Emergency contraception

Emergency contraception can take two forms: either a high dose of oral contraceptive (such as the “morning-after” pill or the newly approved ella) or an intrauterine device (IUD).  Oral contraceptives are used most often.

How it works
Emergency contraception (EC) is offered to women within 72 hours after unprotected sex for the “morning-after” pill or 5 days after for ella.  If taken within the first 72 hours after intercourse, the “morning-after” pill will be only about 75% effective.  Studies have shown that ella can decrease the chance of pregnancy by about two-thirds for at least 120 hours after unprotected sex.  According to Planned Parenthood's explanation of emergency contraception, “It prevents pregnancy by stopping ovulation, fertilization, or implantation.  It will not affect an existing pregnancy.  And it will not cause an abortion.”  However, because life begins at fertilization–not implantation—this description is deceptive.  EC can prevent the already existing human embryo from implanting into the uterine wall, thereby forcing the woman to expel her embryonic baby via chemical abortion.
Determining whether fertilization has occurred this early is difficult, so women take EC without certainty of a pregnancy.  Aside from the medical risks and social implications, this uncertainty dictates that the Right to Life movement cannot support the use of EC.  
Dangers of EC
In addition to EC causing a chemical abortion, this powerful drug endangers women and girls.  Recent medical studies have proven that intensified doses of hormones (such as those used in hormone replacement therapy) are harmful to women.  Scientists found that these high doses of artificial hormones, mainly progestin (the hormone used in emergency contraception), lead to greater risk for breast cancer, stroke, and heart attack.  Planned Parenthood acknowledges only a few of the negative effects on its website: most women will experience nausea and sometimes vomiting, which should pass after about 24 hours.  Planned Parenthood masks the dangers of taking drugs without the counsel of a doctor.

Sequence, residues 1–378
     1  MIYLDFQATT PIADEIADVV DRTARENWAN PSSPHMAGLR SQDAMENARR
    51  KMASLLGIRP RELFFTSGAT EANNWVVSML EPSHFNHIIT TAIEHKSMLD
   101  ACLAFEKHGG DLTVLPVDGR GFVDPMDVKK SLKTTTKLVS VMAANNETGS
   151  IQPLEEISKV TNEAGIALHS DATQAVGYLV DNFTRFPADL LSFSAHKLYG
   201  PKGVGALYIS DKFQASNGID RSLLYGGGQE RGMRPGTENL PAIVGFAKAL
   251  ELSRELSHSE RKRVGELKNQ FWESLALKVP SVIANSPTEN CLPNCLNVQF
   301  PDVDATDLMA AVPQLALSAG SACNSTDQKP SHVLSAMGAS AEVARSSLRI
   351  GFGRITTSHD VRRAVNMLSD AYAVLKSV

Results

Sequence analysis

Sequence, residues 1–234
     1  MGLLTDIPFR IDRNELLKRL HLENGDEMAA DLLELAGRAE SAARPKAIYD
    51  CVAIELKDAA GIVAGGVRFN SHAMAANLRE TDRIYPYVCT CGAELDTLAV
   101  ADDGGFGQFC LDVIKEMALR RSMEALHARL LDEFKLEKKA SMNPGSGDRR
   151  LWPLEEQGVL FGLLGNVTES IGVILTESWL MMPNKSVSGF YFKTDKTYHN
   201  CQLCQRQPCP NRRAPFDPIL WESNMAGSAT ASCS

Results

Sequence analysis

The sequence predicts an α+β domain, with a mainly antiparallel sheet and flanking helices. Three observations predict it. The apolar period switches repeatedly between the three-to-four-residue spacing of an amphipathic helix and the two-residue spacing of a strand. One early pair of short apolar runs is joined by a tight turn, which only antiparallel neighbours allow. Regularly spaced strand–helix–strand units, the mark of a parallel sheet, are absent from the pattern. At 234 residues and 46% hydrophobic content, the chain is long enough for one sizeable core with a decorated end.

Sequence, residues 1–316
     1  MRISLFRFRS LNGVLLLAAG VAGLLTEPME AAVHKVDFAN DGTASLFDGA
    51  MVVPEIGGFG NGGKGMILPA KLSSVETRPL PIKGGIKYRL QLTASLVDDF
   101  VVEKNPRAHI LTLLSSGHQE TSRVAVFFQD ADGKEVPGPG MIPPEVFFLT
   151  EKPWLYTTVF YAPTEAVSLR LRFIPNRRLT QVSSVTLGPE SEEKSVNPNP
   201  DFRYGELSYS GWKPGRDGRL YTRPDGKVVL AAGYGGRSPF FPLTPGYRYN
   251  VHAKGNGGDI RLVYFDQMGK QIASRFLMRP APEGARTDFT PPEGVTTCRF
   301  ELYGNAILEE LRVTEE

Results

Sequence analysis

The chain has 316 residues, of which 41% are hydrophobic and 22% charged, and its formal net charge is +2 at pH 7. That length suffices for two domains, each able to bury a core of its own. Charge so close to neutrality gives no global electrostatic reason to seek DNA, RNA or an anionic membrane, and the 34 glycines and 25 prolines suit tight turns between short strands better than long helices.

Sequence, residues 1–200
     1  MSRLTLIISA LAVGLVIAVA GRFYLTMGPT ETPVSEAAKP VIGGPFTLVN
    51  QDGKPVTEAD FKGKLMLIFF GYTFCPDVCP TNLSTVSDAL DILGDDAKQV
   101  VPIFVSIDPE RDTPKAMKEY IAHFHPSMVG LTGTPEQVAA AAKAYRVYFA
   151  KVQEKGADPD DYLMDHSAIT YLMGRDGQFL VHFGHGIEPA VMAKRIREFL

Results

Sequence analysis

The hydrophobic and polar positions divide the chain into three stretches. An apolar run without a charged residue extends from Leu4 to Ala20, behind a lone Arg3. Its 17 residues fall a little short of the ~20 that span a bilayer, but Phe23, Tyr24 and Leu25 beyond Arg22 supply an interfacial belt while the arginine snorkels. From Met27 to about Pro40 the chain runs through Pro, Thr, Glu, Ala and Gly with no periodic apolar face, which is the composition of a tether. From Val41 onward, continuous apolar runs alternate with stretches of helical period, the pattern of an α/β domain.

Current Status
On August 13, 2010, the FDA approved the use of ella as a controversial form of emergency contraception.  Currently, women and girls still need a prescription to obtain ella.
The “morning-after” pill is available at most pharmacies across the country.  Women (and men) age 17 and older can obtain this pill without a prescription (under 16 will need a doctor’s prescription).  Minor girls are still at risk, however, since individuals who are 17 or older can purchase the pills without question.  Conceivably, a sexual predator could purchase the pills and pass them along to a minor girl.  Parental involvement should be necessary in regard to the health decisions of minor daughters; this safeguard would protect these young girls from sexual predators.  (The teenage girl’s sexual partner is an average of 6 years older than she is.)
Removing the doctor’s expertise, his familiarity with his patient, and his guidance on medication by allowing women to self-administer this powerful drug puts women at risk.  In no other medical situation could a patient autonomously determine that a drug as powerful as the “morning-after” pill is an appropriate course of action and then procure the drug for herself without a prescription.  Because the “morning-after” pill can cause a chemical abortion, the basic health standards and requirements for its usage (i.e., doctor supervision, warning labels, patient information, contraindications, etc.) should not be ignored or lowered to a level that further endangers women.